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Keep Elections Above Reproach

November 16, 2012
By The Intelligencer , The Intelligencer / Wheeling News-Register

Thank heaven there are safeguards built into West Virginia law regarding electronic voting machines. Otherwise, the already unpleasant fiasco in Marshall County might be a major scandal.

As we have reported, nearly 3,000 ballots cast in the Nov. 6 general election were not counted initially. When they were tallied last weekend, the result of one county-level race had changed.

During the evening of Nov. 6, it appeared incumbent county Commissioner Jason "Jake" Padlow had been re-elected by a slight margin over challenger Robert Miller Jr. But when the missing ballots were counted, Miller came out ahead. That result was confirmed by a canvass of ballots this week.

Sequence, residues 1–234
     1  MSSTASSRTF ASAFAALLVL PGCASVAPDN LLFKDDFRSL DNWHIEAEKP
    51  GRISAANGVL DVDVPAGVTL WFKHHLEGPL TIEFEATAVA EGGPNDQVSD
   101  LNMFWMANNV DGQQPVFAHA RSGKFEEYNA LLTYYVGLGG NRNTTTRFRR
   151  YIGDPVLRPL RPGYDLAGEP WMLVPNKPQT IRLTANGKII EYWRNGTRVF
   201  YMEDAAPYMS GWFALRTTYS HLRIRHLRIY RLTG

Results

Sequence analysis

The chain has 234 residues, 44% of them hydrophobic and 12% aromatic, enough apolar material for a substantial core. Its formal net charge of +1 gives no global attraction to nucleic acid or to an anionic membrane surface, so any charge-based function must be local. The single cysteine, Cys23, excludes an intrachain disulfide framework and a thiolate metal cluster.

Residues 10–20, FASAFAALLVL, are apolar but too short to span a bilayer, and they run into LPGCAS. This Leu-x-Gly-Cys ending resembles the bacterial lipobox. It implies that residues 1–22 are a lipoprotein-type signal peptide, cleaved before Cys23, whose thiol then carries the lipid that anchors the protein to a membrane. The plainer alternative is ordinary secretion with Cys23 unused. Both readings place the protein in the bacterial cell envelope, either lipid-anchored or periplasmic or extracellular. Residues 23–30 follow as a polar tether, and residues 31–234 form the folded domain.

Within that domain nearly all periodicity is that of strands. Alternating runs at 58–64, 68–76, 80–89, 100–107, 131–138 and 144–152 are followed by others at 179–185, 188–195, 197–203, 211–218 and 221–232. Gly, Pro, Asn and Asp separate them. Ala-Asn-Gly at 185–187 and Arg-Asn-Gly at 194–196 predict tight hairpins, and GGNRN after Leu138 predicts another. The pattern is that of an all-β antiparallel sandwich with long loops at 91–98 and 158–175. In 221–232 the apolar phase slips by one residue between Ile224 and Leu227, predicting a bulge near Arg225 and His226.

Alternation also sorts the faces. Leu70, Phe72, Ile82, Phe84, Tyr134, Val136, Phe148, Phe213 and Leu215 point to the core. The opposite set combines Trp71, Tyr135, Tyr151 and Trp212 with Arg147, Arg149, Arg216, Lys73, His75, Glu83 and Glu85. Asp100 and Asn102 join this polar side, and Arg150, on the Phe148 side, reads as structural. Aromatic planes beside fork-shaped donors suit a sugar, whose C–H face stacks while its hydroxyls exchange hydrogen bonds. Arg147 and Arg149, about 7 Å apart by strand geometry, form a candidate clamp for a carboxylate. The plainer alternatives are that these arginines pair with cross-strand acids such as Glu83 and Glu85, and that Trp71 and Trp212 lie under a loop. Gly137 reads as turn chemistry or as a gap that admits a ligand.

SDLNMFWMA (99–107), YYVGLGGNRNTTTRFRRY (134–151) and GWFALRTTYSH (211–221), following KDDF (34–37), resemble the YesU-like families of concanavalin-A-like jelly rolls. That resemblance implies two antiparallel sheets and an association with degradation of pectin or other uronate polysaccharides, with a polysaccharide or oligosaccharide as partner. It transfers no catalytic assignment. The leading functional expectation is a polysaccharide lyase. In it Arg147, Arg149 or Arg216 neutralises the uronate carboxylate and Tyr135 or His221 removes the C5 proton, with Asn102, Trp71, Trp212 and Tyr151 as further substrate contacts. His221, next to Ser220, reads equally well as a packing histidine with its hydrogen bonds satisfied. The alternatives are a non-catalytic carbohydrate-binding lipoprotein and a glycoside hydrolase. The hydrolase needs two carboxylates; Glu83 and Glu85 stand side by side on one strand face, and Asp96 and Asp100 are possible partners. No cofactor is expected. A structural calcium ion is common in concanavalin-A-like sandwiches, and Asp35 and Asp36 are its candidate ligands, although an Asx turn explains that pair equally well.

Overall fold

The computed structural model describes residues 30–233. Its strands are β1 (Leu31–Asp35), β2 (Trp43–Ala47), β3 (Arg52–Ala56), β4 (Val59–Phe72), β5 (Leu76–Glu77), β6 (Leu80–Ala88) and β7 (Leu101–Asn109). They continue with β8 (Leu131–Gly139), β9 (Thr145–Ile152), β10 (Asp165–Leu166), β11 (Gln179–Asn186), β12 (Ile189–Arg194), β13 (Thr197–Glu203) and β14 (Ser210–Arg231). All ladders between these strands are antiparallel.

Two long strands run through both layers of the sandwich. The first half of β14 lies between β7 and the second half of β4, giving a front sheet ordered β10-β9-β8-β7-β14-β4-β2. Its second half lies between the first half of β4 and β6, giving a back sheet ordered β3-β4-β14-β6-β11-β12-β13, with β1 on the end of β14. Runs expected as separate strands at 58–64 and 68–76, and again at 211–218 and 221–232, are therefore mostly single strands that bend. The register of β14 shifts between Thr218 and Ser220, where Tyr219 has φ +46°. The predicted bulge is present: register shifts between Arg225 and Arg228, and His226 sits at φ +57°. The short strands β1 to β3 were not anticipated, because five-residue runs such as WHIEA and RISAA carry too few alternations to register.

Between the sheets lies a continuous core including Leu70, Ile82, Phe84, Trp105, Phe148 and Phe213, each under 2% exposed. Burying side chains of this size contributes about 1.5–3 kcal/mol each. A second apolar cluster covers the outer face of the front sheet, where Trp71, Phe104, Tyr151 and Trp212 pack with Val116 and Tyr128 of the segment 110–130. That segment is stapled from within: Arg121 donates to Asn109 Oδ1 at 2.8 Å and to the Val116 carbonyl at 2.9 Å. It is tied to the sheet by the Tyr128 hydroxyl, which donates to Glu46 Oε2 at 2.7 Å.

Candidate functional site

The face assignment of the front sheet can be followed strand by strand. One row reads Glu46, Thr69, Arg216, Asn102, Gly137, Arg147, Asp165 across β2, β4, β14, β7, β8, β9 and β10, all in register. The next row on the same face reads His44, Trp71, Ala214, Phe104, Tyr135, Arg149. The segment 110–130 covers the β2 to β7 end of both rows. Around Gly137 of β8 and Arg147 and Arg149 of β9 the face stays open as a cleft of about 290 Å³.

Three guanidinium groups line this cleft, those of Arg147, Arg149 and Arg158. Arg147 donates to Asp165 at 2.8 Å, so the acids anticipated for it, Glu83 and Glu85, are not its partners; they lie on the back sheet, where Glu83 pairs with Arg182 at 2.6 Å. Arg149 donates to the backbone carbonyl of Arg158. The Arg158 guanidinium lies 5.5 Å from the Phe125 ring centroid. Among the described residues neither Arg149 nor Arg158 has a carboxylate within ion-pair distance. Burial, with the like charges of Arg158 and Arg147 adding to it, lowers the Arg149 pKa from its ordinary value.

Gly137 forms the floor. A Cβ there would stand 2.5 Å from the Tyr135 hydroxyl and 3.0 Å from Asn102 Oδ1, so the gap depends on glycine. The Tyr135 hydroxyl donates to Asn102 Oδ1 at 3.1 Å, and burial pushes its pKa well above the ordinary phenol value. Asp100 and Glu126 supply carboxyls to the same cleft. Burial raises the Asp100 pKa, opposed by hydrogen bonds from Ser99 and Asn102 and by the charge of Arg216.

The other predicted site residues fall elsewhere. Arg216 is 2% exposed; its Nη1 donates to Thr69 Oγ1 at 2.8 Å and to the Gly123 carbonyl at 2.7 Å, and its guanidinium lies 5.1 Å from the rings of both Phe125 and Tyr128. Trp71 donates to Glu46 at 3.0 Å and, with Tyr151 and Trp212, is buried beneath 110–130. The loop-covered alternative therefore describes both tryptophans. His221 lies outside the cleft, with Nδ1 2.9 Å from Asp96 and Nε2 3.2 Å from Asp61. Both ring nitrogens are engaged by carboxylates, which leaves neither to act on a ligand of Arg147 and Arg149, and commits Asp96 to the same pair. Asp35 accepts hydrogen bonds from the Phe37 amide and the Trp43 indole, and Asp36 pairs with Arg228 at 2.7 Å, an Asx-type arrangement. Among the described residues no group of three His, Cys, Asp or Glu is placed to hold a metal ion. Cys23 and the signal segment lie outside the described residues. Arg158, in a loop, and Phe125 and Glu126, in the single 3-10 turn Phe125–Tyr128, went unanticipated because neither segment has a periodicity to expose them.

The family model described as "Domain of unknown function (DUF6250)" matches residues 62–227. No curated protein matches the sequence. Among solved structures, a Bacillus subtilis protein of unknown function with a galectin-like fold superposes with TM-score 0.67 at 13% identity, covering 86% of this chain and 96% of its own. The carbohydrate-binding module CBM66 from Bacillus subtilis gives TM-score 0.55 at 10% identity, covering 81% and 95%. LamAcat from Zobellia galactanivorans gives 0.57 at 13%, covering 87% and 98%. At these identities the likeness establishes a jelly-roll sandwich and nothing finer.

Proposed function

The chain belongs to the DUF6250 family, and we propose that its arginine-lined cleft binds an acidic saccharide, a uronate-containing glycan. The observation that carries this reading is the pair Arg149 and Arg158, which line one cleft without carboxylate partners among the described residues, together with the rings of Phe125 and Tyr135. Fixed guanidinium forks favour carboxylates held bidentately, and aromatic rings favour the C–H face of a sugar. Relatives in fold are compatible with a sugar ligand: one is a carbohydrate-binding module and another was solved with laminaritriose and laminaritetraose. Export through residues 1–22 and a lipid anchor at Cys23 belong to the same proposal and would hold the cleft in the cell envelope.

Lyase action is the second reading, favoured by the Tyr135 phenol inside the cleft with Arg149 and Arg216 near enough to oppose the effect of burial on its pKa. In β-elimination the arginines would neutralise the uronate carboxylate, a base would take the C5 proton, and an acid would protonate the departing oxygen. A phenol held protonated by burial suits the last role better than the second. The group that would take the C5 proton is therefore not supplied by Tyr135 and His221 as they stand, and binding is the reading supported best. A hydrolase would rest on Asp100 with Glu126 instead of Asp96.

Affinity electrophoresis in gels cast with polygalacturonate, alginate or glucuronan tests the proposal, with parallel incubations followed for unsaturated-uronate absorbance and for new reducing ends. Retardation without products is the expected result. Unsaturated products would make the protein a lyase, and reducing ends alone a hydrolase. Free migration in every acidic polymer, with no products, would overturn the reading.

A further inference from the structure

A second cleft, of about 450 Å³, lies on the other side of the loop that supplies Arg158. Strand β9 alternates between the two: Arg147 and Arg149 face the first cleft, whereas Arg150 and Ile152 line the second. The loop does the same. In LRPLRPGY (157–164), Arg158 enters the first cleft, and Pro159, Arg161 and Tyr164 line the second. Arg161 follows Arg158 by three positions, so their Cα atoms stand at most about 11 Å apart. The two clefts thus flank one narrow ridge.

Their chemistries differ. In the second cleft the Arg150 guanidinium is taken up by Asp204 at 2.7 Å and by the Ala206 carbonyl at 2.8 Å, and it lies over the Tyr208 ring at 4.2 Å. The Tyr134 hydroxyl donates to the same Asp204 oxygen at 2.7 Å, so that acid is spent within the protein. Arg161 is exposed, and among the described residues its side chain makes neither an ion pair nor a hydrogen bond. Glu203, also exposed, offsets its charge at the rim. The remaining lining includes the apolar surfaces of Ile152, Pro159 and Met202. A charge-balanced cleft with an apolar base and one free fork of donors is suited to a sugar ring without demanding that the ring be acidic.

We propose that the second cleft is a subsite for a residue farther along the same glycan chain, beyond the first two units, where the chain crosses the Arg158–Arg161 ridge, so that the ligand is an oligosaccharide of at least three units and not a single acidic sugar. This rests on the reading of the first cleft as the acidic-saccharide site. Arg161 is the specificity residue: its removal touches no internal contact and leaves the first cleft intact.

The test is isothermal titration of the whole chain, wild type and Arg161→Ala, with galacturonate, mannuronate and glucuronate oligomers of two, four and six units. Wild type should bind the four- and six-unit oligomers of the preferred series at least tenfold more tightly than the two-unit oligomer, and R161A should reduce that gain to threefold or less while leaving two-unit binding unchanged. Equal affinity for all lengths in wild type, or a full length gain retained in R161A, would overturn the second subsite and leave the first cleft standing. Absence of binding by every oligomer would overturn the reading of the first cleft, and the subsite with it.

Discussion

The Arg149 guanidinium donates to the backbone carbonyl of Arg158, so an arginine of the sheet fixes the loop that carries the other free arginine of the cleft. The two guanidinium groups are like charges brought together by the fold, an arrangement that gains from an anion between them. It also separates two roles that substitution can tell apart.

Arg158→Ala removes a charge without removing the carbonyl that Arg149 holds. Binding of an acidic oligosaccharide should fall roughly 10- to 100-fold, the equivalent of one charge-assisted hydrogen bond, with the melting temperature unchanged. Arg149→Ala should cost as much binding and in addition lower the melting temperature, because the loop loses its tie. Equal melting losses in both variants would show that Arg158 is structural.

Saying Padlow was upset is putting it mildly. He was exceedingly perturbed about how the problem was handled by county Clerk Jan Pest.

Padlow is upset that seals on bags containing computer memory cards on which votes were recorded Nov. 6 were broken by Pest without having ballot commissioners, the prosecuting attorney or county commissioners present. Pest's response has been that the bags were opened last Friday, with several members of her staff and the public present.

The following day, Pest and a deputy clerk went to the courthouse to add the 2,912 votes that had not been included in the count on Nov. 6 to the total.

Fortunately, bags containing paper records from voting machines remained sealed. A representative of the secretary of state's office said those documents are considered to be the official record of the election - so there is an ironclad safeguard.

Again, thank heaven for that, or there would be more questions raised about the error.

Clearly, Pest and her deputy should have had other officials, preferably including representatives of both the Democrat and Republican parties, present when they opened sealed bags containing the memory cards, then the next day when votes on the cards were totalled.

Failure to dot every "i" and cross every "t" in this day and age detracts from public confidence in the election process - and that can jeopardize the process itself.

 
 

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